strategies to incorporate non-participants into group programs.
These six programs and projects were developed following consultation with the pest management groups and relevant stakeholders, with planning getting underway in late 2019. All landholders are encouraged to be actively involved, to share
knowledge and experience, to incorporate into future management of wild dogs and other pest animals.
For further information on the programs or projects, or managing pest animals more generally, contact your nearest Biosecurity Officer, Local Landcare Coordinator or Regional Pest Animal Coordinator, Phil Baird on 0417 776 218 or email.
The Land Services Program
The Land Services Program offers a new approach to property planning and rural enterprise mentoring in the Western region, and is suitable for landholders interested in building their capacity, innovation and learning from their peers and industry experts.
The Program, which began in 2018 with three businesses in a pilot program and continued with another six businesses commencing in 2019, is currently finalising the intake for its 2020 cohort.
The Program runs over two years or eight 'quarters' and operates under a case officer approach, which pairs participants with one of our staff members who will provide support and guidance through the program.
In addition, a range of mentors have been identified to match the particular enterprise and landscapes of the participants.
Participants receive access to training and services estimated to have a total value of $16,000 over the course of the Program.
Included in this is $10,000 for use in the second year of the Program to support capacity building activities, engaging expertise and information systems which align with the goals and properties of their business.
Mentors may be utilised as part of the training budget to provide daily advice, one on one support or to demonstrate enterprises and opportunities to participants.
For further information about the Program have a read of the following materials:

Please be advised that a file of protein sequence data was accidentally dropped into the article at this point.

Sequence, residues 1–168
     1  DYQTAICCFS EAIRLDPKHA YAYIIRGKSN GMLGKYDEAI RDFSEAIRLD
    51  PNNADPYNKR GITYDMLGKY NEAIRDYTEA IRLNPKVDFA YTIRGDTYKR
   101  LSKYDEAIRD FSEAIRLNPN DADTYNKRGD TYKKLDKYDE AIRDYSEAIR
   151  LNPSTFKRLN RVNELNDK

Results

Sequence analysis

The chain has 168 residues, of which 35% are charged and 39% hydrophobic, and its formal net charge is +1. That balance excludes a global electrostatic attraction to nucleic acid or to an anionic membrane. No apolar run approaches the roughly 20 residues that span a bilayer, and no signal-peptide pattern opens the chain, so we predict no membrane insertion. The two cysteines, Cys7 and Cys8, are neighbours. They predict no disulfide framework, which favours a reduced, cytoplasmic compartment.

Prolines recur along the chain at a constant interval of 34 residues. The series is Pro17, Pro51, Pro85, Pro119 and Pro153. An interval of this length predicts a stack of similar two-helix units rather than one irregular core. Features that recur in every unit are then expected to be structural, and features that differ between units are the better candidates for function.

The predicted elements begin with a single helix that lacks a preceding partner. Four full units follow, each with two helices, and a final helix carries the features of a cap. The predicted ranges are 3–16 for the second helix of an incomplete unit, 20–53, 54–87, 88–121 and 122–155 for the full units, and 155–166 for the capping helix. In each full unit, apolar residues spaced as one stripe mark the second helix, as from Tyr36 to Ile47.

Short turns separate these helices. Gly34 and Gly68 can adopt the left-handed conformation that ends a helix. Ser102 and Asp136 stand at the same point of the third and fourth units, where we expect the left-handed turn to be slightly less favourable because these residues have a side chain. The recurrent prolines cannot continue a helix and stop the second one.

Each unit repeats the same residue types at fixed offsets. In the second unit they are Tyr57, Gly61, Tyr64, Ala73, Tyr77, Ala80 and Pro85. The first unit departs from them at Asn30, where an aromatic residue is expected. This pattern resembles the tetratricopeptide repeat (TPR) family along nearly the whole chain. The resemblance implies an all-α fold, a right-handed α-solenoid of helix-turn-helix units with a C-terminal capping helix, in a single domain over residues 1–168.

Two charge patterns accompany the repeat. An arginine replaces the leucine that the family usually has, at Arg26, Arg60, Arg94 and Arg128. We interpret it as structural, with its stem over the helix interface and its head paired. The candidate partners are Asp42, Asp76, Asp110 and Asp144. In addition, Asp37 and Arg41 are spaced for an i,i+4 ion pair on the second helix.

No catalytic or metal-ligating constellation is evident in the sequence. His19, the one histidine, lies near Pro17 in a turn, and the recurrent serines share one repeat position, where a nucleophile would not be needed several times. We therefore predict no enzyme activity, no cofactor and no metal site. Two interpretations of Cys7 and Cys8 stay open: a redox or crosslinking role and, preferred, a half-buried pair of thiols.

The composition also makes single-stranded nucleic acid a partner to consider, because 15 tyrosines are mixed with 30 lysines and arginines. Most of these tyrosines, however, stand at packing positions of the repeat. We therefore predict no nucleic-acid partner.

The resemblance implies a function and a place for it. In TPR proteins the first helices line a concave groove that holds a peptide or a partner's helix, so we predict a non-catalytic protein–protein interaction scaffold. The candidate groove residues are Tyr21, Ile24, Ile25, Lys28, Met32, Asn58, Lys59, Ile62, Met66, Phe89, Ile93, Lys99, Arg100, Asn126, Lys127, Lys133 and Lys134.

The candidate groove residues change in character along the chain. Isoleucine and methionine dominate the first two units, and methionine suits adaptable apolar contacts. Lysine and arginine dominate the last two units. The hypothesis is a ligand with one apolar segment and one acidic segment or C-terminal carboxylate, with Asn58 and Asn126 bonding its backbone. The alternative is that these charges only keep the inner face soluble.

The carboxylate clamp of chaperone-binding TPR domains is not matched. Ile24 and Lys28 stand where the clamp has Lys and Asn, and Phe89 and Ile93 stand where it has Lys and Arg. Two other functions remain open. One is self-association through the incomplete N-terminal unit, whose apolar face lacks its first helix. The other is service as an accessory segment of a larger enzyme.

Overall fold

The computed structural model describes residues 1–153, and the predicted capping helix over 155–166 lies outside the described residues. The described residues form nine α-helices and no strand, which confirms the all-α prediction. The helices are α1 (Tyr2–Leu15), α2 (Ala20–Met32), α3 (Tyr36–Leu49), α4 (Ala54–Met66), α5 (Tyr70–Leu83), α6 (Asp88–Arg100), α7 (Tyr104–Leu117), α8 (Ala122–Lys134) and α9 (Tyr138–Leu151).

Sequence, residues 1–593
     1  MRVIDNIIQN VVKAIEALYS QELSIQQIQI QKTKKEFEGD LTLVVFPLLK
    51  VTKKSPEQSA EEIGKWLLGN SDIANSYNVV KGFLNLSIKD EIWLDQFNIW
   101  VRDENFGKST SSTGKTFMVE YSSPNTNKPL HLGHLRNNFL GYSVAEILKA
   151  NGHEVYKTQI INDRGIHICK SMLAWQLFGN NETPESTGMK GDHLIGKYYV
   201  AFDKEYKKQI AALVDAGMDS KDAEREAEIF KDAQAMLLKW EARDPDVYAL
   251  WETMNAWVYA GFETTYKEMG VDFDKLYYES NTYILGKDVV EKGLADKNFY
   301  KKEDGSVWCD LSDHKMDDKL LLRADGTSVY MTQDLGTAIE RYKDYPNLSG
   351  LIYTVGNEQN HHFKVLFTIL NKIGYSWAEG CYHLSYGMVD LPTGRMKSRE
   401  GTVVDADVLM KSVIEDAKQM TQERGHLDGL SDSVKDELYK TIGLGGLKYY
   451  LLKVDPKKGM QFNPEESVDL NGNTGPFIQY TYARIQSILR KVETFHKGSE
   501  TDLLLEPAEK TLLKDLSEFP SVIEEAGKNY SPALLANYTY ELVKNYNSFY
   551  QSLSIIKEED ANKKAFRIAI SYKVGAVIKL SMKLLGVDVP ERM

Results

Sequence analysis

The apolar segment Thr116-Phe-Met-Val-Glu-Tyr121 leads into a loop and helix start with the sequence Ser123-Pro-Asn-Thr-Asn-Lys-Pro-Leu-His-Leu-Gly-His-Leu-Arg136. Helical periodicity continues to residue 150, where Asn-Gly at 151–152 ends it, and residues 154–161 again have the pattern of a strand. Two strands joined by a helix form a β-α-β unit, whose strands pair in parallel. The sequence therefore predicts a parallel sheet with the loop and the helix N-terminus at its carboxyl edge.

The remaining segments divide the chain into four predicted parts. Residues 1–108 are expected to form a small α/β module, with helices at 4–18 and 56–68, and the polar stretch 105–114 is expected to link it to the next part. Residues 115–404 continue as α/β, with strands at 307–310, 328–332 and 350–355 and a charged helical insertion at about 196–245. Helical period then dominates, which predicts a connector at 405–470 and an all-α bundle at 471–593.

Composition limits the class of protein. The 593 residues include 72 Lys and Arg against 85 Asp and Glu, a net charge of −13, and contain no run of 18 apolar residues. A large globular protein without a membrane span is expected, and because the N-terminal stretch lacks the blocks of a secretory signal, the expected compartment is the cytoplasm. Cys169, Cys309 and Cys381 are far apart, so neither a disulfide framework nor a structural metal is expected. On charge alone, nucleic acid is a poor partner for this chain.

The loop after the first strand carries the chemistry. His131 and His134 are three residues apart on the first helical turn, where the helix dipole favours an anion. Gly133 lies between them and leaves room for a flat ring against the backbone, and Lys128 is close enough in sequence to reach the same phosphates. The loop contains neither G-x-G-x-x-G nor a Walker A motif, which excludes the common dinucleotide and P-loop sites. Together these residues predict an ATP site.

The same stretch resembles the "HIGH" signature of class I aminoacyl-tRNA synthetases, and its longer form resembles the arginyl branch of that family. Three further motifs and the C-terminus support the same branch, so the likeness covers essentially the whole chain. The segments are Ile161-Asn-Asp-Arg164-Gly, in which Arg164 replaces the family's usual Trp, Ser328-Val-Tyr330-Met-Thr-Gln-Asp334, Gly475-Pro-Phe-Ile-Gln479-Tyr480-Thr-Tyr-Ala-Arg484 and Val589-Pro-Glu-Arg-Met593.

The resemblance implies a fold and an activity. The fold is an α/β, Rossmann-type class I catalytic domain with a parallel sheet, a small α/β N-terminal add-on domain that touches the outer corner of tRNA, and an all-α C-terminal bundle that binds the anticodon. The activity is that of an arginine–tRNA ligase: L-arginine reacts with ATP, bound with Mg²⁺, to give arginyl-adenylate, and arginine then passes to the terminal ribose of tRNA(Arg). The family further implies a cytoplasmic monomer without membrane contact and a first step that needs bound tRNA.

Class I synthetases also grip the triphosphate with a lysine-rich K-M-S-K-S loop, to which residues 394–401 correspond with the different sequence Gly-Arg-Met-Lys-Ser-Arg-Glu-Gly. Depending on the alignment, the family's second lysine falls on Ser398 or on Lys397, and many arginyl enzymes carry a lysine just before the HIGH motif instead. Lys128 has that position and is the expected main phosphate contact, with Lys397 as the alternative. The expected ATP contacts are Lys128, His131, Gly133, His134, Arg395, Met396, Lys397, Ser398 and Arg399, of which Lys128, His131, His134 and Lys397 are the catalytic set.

- plan on a page
- mentor profile - Gus Whyte
- mentor profile - Glenn Humbert
- mentor profile - Geoff Peters
- mentor profile - George Millear
- mentor profile - Tony Thompson
- mentor profile - Garry Hannigan
- Team Leader-Agriculture, Gemma Turnbull on (02) 6870 8632
- Team Leader-Land Services (acting), Mitch Plumbe on 0408 241 200
- Senior Land Services Officer-Agribusiness, Tanisha Shields on 0447 642 131
- your nearest Western Local Land Services office.
The Program is a joint initiative between Local Land Services and Soils for Life.
Russel Harland Memorial Scholarship
The Russel Harland Memorial Scholarship is awarded to a tertiary student who displays strong personal, community and educational commitment to rural or regional areas, with particular reference to the Western region of NSW.
The scholarship has run since 2006, and in that time, nine students have gained employment, with three still employed with Western Local Land Services.
The scholarship is awarded to assist the student to advance their educational qualifications and personal skills so that they can contribute to future biosecurity, agricultural and natural resource management outcomes and build upon the expertise within the community of the Western region.
The scholarship will provide:
- A one-off amount of $5,000 which will be paid in two instalments
- four weeks of paid work
- one year guaranteed field officer position.
Eligible students will be approaching their final year of study. Relevant courses must be of a Bachelor level and may include, but are not limited to; Agriculture (Ag Science, Rural Science, Animal Science, Agribusiness, Ag Economics), Veterinary Science, Emergency Response and Management, Natural Resource Management, Aboriginal Cultural Heritage and GIS and remote sensing.
If you have any questions contact Operations Manager, Andrew Hull on 0427 919 964 or email.
Key Investment Priorities
The key areas for investment, through on-ground works and training, are:
Productive industries and adaptable, connected communities
- adaptable and resilient land managers
- sustainable and productive agricultural industry
- Aboriginal people connected to country, culture and heritage.
Healthy and resilient landscapes and aquatic systems
- healthy and resilient landscapes
- healthy and resilient aquatic systems.
Adaptive governance, decision making and management
Western Catchment Action Plan
The key investment priorities were developed with considerable input from local communities through the development of the 2013-2023 Western Catchment Action Plan (CAP). The CAP provides direction for natural resource management in the Western Local Land Services region.